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I am often asked how did I come to write this book - and then how could I be so open and honest - so revealing of myself. I think when someone suffers an unbearable loss it opens us up and we suddenly know how others are feeling. And one of the things I knew without anyone having to tell me was that there must be a whole lot of people out there who were feeling what I was feeling. And maybe like me - there wasn't really anybody to talk to - not when you really needed it.


Not long after my darling husband, Norman, died I began to realize how irrevocably this had changed my life. I also had to face how difficult it is to find yourself alone at this stage of life - when everything is changing: your face, your body, your professional environment and suddenly - there you are - exposed, alone, without your cheering squad, without your moral support. It's scary and it's painful. And I knew if I could articulate what I was feeling it would help those who were feeling the same thing.


So I started to toy with the idea of writing a book. And I knew it would have to be brutally honest. I could not hide behind vanity, or try to whitewash the facts or my feelings because anyone reading it, who'd been through what I was going through, would see right through that. So I started to compile these kicky chapter headings: "On My Own"; "Dinner For One"; "To Date Or Not To Date" and nothing happened. Aside from the fact that my headings were trite to say the least - more important was the fact that no pages were formulating to go with them. So the book idea faded into the back recesses of my mind.


And then - coming up on the first anniversary of Norman's death I suddenly began to get an irresistible urge to talk to him. He had been, after all, my best friend. And I had survived now for almost a year without talking to him. In total denial in fact. It had been easy to do. I was away from home in strange surroundings - had been since almost right after his death. It wasn't hard to subconsciously pretend that Normy was out there, somehow, somewhere.


And then that magical December 19th - the magnificent kickoff to the Winter Olympics that was so special I knew Norman would have wanted to attend. And when I came home, although he had been walking in spirit by my side, I sat down and wrote him everything that I was feeling. And what I was feeling was "alone". That night, for the first time, I started to come to terms with that fact that my husband was gone - and I was alone.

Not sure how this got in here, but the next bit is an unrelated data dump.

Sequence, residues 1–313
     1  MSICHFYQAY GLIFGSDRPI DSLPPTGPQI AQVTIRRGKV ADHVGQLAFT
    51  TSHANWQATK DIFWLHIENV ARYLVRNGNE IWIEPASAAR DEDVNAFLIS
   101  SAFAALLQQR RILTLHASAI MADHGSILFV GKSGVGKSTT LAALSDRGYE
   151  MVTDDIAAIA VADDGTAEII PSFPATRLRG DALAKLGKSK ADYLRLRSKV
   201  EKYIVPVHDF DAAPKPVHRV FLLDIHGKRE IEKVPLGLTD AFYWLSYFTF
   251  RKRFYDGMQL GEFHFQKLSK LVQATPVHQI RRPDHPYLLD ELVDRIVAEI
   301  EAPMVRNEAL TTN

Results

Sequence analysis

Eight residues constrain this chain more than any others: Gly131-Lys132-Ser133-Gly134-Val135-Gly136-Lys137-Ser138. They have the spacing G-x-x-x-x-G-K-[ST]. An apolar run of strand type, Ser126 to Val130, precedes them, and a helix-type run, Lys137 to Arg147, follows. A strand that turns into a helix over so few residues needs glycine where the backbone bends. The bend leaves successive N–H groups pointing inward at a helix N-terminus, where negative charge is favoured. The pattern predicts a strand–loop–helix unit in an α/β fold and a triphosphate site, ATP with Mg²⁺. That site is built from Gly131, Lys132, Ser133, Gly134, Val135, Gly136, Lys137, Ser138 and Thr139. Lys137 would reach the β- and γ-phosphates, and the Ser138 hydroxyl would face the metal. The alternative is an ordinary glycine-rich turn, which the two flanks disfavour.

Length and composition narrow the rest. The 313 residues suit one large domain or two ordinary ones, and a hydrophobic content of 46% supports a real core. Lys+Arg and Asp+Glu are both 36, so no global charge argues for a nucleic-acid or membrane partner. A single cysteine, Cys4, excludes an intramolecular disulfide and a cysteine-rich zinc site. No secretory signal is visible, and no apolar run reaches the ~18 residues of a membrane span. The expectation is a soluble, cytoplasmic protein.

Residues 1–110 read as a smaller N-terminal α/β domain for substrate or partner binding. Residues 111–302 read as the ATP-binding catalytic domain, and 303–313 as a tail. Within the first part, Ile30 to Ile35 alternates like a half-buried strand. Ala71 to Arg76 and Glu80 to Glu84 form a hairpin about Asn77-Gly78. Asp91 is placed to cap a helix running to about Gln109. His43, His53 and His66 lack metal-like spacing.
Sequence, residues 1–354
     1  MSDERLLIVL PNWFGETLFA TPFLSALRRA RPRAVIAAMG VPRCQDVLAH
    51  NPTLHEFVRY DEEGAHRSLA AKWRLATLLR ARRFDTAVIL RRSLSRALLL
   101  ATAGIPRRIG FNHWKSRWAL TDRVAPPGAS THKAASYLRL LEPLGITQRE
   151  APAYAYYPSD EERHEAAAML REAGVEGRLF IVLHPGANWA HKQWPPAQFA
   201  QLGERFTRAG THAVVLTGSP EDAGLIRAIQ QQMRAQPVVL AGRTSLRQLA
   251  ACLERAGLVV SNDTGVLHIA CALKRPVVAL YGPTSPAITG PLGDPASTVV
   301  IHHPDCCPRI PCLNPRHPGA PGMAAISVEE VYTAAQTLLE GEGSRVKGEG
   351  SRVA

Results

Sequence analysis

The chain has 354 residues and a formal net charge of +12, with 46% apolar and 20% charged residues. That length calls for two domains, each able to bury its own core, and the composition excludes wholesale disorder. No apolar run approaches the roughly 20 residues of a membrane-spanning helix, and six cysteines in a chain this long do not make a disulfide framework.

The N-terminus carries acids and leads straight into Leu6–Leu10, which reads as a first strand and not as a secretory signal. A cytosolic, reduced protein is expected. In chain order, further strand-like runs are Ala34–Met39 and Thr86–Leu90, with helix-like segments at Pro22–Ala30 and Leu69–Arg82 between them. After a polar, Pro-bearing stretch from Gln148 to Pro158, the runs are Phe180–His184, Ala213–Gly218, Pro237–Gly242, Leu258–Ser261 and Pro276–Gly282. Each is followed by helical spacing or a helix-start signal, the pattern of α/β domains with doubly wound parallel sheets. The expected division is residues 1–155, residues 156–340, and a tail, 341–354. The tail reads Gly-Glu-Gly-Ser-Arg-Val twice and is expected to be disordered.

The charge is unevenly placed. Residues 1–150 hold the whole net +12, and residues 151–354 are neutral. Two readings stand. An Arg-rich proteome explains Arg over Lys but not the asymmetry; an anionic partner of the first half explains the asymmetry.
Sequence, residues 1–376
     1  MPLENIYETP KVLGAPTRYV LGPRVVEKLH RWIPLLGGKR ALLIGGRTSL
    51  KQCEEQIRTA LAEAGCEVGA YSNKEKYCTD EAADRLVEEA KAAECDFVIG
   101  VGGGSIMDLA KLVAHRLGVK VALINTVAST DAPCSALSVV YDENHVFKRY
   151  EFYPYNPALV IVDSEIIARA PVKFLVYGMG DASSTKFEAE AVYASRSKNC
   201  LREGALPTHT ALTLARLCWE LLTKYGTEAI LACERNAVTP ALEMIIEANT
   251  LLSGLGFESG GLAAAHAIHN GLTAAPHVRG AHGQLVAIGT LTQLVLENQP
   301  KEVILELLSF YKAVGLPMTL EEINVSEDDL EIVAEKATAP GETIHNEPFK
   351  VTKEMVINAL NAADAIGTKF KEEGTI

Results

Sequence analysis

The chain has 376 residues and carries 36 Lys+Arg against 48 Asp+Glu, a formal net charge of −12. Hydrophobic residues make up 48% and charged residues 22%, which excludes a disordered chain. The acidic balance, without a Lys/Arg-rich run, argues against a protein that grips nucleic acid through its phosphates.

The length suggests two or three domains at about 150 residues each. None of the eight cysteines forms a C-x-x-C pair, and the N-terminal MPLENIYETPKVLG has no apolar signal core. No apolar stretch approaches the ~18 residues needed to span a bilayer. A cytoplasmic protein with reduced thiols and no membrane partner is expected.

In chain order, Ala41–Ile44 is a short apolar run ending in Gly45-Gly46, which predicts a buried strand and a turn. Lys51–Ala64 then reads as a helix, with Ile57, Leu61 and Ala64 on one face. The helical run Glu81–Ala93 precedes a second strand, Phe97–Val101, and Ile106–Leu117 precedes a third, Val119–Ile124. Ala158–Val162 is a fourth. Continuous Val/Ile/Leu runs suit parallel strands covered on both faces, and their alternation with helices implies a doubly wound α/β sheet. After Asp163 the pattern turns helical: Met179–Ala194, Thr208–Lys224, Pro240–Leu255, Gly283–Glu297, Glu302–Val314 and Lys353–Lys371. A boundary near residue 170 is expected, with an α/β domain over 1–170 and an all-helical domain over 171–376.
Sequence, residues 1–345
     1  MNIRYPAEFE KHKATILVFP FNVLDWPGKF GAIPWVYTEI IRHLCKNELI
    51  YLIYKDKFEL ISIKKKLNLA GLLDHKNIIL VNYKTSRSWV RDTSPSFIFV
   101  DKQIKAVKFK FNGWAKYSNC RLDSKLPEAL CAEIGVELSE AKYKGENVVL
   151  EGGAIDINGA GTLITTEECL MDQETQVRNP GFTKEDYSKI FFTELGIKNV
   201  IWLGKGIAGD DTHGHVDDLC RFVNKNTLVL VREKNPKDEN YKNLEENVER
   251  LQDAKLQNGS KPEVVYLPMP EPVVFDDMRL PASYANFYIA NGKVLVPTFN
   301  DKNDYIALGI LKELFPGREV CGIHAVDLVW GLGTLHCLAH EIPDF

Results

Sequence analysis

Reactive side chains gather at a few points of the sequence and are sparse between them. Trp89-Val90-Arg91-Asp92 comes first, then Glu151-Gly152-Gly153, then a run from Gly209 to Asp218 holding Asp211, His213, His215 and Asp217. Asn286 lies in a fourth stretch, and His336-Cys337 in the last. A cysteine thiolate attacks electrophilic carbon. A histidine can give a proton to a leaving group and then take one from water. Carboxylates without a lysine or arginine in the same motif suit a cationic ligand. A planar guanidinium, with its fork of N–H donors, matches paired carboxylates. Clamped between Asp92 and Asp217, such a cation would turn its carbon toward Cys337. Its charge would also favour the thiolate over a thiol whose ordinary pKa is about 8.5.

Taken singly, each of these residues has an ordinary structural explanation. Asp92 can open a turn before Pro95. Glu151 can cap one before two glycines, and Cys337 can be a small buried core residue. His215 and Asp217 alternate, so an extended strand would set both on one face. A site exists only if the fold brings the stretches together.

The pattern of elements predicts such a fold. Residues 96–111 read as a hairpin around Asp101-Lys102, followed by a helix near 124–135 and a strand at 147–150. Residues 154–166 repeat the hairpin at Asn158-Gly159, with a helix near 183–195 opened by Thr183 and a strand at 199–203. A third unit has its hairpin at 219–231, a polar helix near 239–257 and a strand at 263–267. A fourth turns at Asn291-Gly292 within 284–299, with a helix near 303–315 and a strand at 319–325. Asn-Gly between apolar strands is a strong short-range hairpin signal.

I read that letter at the first anniversary memorial service we held and a lot of people asked if they could get a copy - they had been moved to tears. So a couple of months later when a friend of mine who's a literary agent was in Paris and we were talking about Norman, I gave her the letter to read.


"Oh Fern" she said, "this would help so many people." "I know," I nodded "it already has."


And then I thought: Wait a minute - maybe this is the form the book should take. I can do that. That's talking to Norman. I'll write him letters - and I did just that. Every time I was sad, or lonely, or frightened, or stressed I sat down and wrote Normy a letter. And I began to remember things about our life together and all those crazy and wonderful years. And I spent the whole next year of mourning with my husband falling in love with him all over again.


So, writing this book helped me through a dark and terrible time. And now it is helping a lot of people through theirs. And best of all, it has brought so many special people into my life - my readers who have written and called me and told me how much my book has helped them. I thank God for that. I thank Norman for being who he was. And I thank you for sharing this time with me. I love you all.

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